Starring Jane Fonda

Actor, activist, exercise guru, businesswoman, star of Hollywood hits and French art-house cinema alike—Jane Fonda has worn more hats than just about any performer of her generation and continues to be an outspoken fighter for social and environmental justice. Though she was born the daughter of Hollywood royalty, Fonda refused to rest on her famous name, training under Lee Strasberg at the Actors Studio and parlaying her early successes in hits like the rollicking western comedy Cat Ballou and the sci-fi cult extravaganza Barbarella into increasingly complex, challenging roles in acclaimed films such as the edgy neonoir Klute (for which she won her first best actress Oscar) and the prescient disaster thriller The China Syndrome. The fact that Fonda, at the height of her stardom, was one of the most visible faces of the civil rights and antiwar movements—and even decamped to France to star in Tout va bien, a radical anticapitalist screed by Jean-Luc Godard and Jean-Pierre Gorin—puts Fonda virtually in a class by herself for her rare combination of superstar talent and fearless political conviction.

  • Walk on the Wild Side, Edward Dmytryk, 1962
  • La ronde, Roger Vadim, 1964
  • Cat Ballou, Elliot Silverstein, 1965
  • The Chase, Arthur Penn, 1966
  • Barefoot in the Park, Gene Saks, 1967
  • Barbarella, Roger Vadim, 1968
  • Spirits of the Dead, Federico Fellini, Louis Malle, and Roger Vadim, 1968
  • Klute, Alan J. Pakula, 1971
  • Tout va bien, Jean-Luc Godard and Jean-Pierre Gorin, 1972
  • Letter to Jane, Jean-Luc Godard and Jean-Pierre Gorin, 1972
  • A Doll’s House, Joseph Losey, 1973
  • The China Syndrome, James Bridges, 1979
  • The Morning After, Sidney Lumet, 1986

Monday, January 11

Poto and Cabengo

Grace and Virginia are young San Diego twins who speak unlike anyone else. With little exposure to the outside world, the two girls have created a private form of communication that’s an amalgam of the distinctive English dialects they hear at home. Jean-Pierre Gorin’s polyphonic nonfiction investigation of this phenomenon looks at the family from a variety of angles, with the director taking on the role of a sort of sociological detective. It’s a delightful and absorbing study of words and faces, mass media and personal isolation, and America’s odd margins.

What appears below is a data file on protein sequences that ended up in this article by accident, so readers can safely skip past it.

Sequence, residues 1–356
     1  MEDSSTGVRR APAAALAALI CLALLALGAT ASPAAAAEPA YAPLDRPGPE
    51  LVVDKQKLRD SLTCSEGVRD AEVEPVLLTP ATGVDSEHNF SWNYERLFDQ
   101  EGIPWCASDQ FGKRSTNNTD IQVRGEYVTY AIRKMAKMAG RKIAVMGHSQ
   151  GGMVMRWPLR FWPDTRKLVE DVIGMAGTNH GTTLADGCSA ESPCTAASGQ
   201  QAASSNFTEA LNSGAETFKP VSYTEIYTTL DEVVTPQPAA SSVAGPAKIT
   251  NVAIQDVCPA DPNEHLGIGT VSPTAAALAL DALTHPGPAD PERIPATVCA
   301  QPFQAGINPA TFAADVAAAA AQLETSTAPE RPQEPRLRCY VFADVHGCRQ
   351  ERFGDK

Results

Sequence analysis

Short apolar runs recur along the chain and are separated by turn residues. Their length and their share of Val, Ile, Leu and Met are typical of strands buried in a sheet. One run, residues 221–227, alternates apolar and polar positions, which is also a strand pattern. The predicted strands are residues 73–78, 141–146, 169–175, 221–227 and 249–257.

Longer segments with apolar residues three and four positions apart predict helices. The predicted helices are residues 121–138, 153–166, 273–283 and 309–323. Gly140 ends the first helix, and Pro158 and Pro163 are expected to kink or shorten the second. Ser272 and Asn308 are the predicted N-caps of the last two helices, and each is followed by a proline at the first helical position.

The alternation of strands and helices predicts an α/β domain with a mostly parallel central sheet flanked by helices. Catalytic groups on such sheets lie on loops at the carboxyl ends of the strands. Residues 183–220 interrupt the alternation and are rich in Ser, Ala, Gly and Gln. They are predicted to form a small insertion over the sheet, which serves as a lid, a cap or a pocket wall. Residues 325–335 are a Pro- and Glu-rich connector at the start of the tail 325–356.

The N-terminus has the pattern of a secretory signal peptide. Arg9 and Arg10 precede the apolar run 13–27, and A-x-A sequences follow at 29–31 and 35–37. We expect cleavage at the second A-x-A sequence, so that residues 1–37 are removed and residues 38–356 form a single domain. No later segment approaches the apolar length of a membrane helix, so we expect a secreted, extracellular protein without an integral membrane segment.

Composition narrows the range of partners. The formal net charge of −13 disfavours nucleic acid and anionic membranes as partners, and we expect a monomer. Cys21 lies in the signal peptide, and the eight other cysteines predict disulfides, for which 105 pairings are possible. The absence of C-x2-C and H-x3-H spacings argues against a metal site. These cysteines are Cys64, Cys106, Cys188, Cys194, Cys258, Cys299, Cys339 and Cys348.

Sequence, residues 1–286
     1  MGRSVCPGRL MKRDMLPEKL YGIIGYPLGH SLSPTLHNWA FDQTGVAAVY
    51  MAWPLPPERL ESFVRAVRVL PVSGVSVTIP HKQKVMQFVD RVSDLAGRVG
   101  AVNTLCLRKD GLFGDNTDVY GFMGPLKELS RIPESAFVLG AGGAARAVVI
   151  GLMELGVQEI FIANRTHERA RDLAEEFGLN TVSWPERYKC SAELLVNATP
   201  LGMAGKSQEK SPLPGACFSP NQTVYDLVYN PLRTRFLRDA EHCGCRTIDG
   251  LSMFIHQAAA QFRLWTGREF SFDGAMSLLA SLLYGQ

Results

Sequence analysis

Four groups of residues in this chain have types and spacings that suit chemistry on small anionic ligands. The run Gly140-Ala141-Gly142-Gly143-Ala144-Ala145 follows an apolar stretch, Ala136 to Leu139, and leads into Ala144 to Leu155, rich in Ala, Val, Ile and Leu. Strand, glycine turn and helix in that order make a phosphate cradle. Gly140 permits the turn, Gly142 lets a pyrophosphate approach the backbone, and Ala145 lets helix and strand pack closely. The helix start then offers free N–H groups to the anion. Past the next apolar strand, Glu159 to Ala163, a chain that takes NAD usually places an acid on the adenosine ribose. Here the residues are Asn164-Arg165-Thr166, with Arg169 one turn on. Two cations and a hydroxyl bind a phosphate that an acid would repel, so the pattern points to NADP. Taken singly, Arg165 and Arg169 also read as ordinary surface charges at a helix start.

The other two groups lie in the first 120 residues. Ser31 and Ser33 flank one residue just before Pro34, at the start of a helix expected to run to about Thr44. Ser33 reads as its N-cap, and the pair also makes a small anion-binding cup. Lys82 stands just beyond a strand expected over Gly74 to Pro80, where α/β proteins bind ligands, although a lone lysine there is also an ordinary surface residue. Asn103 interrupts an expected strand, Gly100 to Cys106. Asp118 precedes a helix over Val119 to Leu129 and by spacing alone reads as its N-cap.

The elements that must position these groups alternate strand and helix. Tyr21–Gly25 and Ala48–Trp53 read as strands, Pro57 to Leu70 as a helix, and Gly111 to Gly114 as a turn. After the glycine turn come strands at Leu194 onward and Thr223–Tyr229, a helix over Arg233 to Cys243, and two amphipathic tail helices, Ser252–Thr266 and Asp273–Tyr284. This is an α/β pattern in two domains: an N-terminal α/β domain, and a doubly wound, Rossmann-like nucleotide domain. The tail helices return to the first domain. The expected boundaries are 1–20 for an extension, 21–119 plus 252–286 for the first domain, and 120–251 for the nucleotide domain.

Tuesday, January 12

Short + Feature: The Jimi Hendrix Experience

Jimi Could Have Fallen from the Sky and Jimi Plays Monterey

The life, music, and legend of Jimi Hendrix lives on in these tributes to his once-in-a-generation genius. Cosmic surrealist Terence Nance lets his imagination run riot in Jimi Could Have Fallen from the Sky, a playful remythologizing of Hendrix’s origin story that adds a surprising sci-fi twist to its telling of his Seattle childhood. Then, witness Hendrix’s awe-inspiring six-string pyrotechnics for yourself in Jimi Plays Monterey, a you-are-there document of an electrifying 1967 live performance captured by D. A. Pennebaker and Chris Hegedus when the future rock icon was still a virtual unknown.

Wednesday, January 13

Always Shine

Director Sophia Takal offers a tense and disquieting exploration of female friendship, rivalry, and Hollywood sexism in this provocative psychological thriller. Two friends (Mackenzie Davis and Caitlin FitzGerald), actors who have experienced vastly different levels of success, leave Los Angeles for Big Sur on a weekend getaway to reconnect. Once alone, however, the two women’s suppressed jealousies and deep-seated resentments bubble to the surface, causing them to lose grasp not just of the true nature of their relationship, but also of their own identities.

Thursday, January 14

Three by Raj Kapoor

One of the greatest showmen the cinema has ever seen, actor, producer, and director Raj Kapoor became a Bollywood icon thanks to his ability to blend comedy, pathos, and musical spectacle into rousing, deliriously entertaining underdog tales that spoke to the hopes and dreams of a newly independent India. This selection of classics from Kapoor’s golden period—including his blockbuster international sensation Awaara—gave Indian filmgoers a lovably Chaplinesque everyman hero of their own, one whose appeal remains as fresh and captivating as ever.

  • Awaara, 1951
  • Shree 420, 1955
  • Sangam, 1964

Friday, January 15

Double Feature: Poe Goes Pop

The Masque of the Red Death and Spirits of the Dead

Edgar Allan Poe gets a stylish sixties update in four tales of macabre terror spread across two features. The most acclaimed of the numerous Poe adaptations director Roger Corman made with star Vincent Price, The Masque of the Red Death achieves a nightmarish beauty thanks to striking color cinematography by Nicolas Roeg. Then, Federico Fellini, Louis Malle, and Roger Vadim all offer their unique takes on Poe in Spirits of the Dead, a shivery, erotic, Euro-cool omnibus spectacle featuring Jane Fonda, Alain Delon, Brigitte Bardot, and Terence Stamp—the last of whom stars in Fellini’s celebrated Toby Dammit segment.

Saturday, January 16

Saturday Matinee: The Cameraman